Updated: September, 2014
ENDING HIV IS POSSIBLE
Ending HIV might sound like a bit of a pipedream. But it’s not. Here’s why:
Australia’s gay community engagement has been the frontline against HIV, from the community-led safe sex movement in the 1980s to gaining access to ARV treatments in the 1990s and the maintenance of safe sex culture ever since. In just over thirty years we’ve gone from diagnosis = death to diagnosis = manageable infection and for most, the prospect of a pretty normal lifespan.
HIV is no longer a death sentence, and we’ve had stable rates of new HIV infections in NSW for over a decade – that’s a big thumbs up for gay guys in NSW. But ‘stable’ means that around 250 gay guys a year still get HIV in this state. They don’t need to. We need to push transmission way down. We need to end HIV.
In 2013 we launched our biggest strike yet against HIV. In NSW, we now aim to bring new cases of HIV among gay guys to an end by 2020.
We’re not alone in this. It’s an international movement spearheaded by the 2011 UN Political Declaration on HIV/AIDS – to which Australia and all other UN member nations are signatories – aimed at achieving significant reductions in HIV transmission globally within this decade.
Australia was a leader in developing the UN declaration and NSW is the first Australian jurisdiction to formally incorporate the declaration’s goals within an HIV Strategy (NSW HIV Strategy 2012-15).
The Strategy commits to achieving an 80% reduction in HIV transmission in NSW by 2020 and to ensuring that 90% of those eligible are accessing treatment.
By the end of the decade we can be well on our way to ending HIV. It’s doable. So let’s do it. Let’s end HIV.
End HIV? Seriously?
More flexible testing options and better access to those options will help all gay men to test more frequently. With rapid HIV testing now provided in over 20 locations across NSW and home testing on the horizon, testing easier than ever before. It’s all about early detection, which allows you to look after yourself and your partners.
Early treatment is also critical. We now know that effective treatment can result in an undetectable viral load (UDVL), this means the levels of HIV in the blood are so reduced due to effective treatment, that they are not detectable.
This can dramatically reduce the risk of HIV transmission if sustained over a six month period. If HIV can be detected earlier in more gay men, and if those who need treatment can access it as soon as possible, we’ll dramatically reduce transmission rates and stop new cases of HIV. That’s a fact.
What’s new in the fight against HIV?
An HIV vaccine or cure is almost certainly still years away. Despite this, we’re in a better position than ever to end the epidemic. Rapid HIV testing is now available in over 20 locations across NSW and new research findings attest to both the health and prevention benefits of treatment. Also, since April 2014 you can start treatment as soon as you are diagnosed with HIV.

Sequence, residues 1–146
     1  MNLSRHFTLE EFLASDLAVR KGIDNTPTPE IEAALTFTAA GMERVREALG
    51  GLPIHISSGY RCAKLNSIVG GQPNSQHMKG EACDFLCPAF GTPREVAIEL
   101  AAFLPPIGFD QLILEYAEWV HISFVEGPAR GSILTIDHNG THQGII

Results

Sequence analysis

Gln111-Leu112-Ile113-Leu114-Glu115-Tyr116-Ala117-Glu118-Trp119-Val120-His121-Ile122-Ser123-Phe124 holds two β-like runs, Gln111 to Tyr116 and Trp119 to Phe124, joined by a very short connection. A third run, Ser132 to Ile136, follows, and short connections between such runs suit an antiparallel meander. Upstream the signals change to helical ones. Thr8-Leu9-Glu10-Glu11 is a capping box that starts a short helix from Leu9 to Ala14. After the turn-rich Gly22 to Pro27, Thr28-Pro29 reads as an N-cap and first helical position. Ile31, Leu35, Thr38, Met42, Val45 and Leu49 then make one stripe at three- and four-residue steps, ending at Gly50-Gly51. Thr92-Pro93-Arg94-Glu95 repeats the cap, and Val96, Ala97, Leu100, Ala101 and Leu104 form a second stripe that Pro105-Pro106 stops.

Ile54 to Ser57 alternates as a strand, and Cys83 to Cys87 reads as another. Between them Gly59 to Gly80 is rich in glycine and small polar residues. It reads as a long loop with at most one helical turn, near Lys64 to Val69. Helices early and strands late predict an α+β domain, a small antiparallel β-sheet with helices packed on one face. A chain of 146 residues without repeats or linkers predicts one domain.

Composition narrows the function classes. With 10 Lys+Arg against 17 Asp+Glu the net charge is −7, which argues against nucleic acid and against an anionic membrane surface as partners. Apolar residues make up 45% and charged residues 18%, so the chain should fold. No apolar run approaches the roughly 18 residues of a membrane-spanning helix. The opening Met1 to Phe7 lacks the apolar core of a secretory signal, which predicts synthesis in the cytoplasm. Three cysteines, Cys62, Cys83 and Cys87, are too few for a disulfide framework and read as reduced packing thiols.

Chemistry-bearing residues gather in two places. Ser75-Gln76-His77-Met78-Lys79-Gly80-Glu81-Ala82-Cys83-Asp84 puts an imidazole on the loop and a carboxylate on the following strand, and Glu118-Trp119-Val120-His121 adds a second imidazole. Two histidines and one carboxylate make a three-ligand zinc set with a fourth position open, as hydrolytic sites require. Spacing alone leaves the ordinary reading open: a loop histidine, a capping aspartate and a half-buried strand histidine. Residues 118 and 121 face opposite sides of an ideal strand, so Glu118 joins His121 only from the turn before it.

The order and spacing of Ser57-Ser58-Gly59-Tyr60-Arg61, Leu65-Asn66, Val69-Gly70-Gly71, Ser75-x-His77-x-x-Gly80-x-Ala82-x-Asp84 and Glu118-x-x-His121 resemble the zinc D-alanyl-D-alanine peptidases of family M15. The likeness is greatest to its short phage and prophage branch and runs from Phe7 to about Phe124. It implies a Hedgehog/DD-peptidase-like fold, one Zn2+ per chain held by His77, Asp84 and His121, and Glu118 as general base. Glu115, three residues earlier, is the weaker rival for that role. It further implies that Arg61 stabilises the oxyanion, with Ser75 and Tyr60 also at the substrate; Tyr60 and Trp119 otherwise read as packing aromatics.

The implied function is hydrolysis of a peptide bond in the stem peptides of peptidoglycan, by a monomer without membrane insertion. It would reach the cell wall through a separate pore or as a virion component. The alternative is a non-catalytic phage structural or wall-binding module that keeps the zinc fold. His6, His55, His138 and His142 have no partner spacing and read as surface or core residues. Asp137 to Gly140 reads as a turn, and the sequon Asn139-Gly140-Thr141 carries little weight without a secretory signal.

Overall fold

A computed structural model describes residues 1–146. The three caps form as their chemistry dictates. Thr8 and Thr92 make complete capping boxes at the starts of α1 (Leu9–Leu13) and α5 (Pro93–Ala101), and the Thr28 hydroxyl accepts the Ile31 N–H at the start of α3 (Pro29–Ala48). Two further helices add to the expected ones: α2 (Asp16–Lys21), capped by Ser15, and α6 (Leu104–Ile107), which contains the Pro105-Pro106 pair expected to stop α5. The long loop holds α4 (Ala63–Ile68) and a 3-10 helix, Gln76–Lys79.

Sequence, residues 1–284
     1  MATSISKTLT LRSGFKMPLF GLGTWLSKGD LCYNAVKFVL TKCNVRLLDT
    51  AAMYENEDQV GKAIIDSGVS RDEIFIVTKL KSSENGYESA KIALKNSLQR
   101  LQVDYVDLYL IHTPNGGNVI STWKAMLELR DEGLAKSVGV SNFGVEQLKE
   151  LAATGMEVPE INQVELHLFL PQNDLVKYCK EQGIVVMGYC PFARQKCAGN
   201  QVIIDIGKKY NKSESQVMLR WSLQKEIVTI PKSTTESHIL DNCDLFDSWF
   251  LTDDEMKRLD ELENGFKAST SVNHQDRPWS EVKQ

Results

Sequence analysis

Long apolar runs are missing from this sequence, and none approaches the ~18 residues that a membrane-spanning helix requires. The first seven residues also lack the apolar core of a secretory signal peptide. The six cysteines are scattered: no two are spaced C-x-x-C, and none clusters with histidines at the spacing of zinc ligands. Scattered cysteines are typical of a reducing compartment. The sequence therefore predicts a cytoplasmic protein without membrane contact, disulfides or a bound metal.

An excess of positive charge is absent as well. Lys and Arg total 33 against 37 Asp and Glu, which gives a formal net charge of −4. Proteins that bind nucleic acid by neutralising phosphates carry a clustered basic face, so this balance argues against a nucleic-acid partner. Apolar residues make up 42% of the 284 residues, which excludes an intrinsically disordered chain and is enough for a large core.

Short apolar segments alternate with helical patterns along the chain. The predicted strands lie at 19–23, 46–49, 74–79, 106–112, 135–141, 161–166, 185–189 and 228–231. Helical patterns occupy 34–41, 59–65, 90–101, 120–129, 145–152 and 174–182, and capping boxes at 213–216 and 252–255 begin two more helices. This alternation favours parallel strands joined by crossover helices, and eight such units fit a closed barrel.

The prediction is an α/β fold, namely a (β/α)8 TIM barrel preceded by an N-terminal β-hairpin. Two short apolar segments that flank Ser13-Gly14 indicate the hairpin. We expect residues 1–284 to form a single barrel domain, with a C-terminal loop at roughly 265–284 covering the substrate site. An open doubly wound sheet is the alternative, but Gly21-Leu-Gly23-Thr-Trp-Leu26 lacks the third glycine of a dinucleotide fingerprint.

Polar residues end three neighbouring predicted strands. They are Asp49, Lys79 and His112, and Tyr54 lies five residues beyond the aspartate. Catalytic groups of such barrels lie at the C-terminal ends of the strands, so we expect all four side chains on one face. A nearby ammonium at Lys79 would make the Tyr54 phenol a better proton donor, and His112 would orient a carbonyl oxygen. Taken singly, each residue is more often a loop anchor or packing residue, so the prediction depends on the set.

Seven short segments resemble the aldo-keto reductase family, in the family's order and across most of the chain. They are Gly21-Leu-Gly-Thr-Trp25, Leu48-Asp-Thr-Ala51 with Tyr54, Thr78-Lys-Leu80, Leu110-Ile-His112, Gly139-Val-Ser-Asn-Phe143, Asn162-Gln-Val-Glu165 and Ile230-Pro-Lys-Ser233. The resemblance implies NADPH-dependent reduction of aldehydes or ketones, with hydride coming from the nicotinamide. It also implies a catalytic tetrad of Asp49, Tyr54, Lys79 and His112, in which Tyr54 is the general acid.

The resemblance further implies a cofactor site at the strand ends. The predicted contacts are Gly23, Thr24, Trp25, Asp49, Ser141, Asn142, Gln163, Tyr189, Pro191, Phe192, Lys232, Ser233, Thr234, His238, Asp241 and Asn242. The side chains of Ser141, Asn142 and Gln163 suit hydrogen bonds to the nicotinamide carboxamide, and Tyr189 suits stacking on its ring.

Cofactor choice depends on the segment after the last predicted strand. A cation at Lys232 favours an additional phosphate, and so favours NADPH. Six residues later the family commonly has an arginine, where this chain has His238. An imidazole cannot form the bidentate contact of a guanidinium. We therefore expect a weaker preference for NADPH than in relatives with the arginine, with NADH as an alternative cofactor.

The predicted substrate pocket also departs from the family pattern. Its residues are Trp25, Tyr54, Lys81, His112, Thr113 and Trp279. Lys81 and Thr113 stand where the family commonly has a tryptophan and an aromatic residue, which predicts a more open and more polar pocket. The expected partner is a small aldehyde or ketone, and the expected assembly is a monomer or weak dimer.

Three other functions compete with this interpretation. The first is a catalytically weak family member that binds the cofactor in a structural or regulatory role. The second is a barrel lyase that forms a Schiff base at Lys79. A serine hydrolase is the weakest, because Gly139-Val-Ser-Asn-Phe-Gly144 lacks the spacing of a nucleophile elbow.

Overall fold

We know that treatment reduces the adverse health impacts of HIV and allows most guys to live a normal life. A growing number of studies – including the PARTNER Study, San Francisco’s Test and Treat program, and HIV Prevention Trials Network (HPTN) Study 052 in heterosexual couples – indicate that early treatment has a dramatic impact on HIV transmission rates at a community level. That’s crucial to ending HIV among gay men in NSW.
Pre-exposure prophylaxis (PrEP), which is not available in Australia, is also on the horizon. PrEP is the use of treatments in negative guys to prevent transmission. It’s a new way of working to prevent HIV and it’s being tested now. iPrEx – an international study of PrEP in men who have sex with men, demonstrated a 44% reduction in transmission overall and over 90% (i.e. very similar to condoms) when participants maintained daily doing of their pills.
What needs to change?
If we can diagnose HIV early in men who don’t know they’ve been infected and offer them early treatment, we’re not only investing in their future health, but we’re drastically reducing the risk of transmission in the community. Many gay men do test regularly, but as a community we are still not testing enough.
All sexually active gay men need to get tested at least twice a year. If you have lots of sexual partners, scheduling quarterly tests or more each year is really important. In addition to your regular tests, you should get tested every time you think there’s a possibly you’ve been exposed to HIV, keeping in mind that an infection can take several weeks to show up in the test. To know more about testing, rapid HIV testing or to book an appointment, click here.
To know more about home testing, click here.
What else can I do to get on board?
We’re glad you asked, because we can’t end the epidemic without your support. It’s about NSW gay men joining forces to spread the word about more frequent testing and early treatment. Make a commitment to test more regularly. Talk to your doctor about treatments if you have HIV.
Join us on Facebook and don’t forget to tell your friends, partners and colleagues to take part. We’re committed to reaching our goal of ending HIV in NSW’s gay community and it starts with you.